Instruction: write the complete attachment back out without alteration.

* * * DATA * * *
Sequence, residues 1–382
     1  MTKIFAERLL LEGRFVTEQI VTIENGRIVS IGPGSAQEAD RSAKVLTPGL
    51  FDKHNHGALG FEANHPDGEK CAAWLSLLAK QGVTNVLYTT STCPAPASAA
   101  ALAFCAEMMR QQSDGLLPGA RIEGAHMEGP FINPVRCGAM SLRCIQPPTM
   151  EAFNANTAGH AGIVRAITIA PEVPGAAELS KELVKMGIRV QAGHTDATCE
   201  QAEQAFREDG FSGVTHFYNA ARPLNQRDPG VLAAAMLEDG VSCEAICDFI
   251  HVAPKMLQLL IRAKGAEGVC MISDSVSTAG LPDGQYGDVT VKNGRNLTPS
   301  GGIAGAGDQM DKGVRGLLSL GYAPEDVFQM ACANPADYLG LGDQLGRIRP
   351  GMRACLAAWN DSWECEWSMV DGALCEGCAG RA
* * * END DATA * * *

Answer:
Sequence, residues 1–382
     1  MTKIFAERLL LEGRFVTEQI VTIENGRIVS IGPGSAQEAD RSAKVLTPGL
    51  FDKHNHGALG FEANHPDGEK CAAWLSLLAK QGVTNVLYTT STCPAPASAA
   101  ALAFCAEMMR QQSDGLLPGA RIEGAHMEGP FINPVRCGAM SLRCIQPPTM
   151  EAFNANTAGH AGIVRAITIA PEVPGAAELS KELVKMGIRV QAGHTDATCE
   201  QAEQAFREDG FSGVTHFYNA ARPLNQRDPG VLAAAMLEDG VSCEAICDFI
   251  HVAPKMLQLL IRAKGAEGVC MISDSVSTAG LPDGQYGDVT VKNGRNLTPS
   301  GGIAGAGDQM DKGVRGLLSL GYAPEDVFQM ACANPADYLG LGDQLGRIRP
   351  GMRACLAAWN DSWECEWSMV DGALCEGCAG RA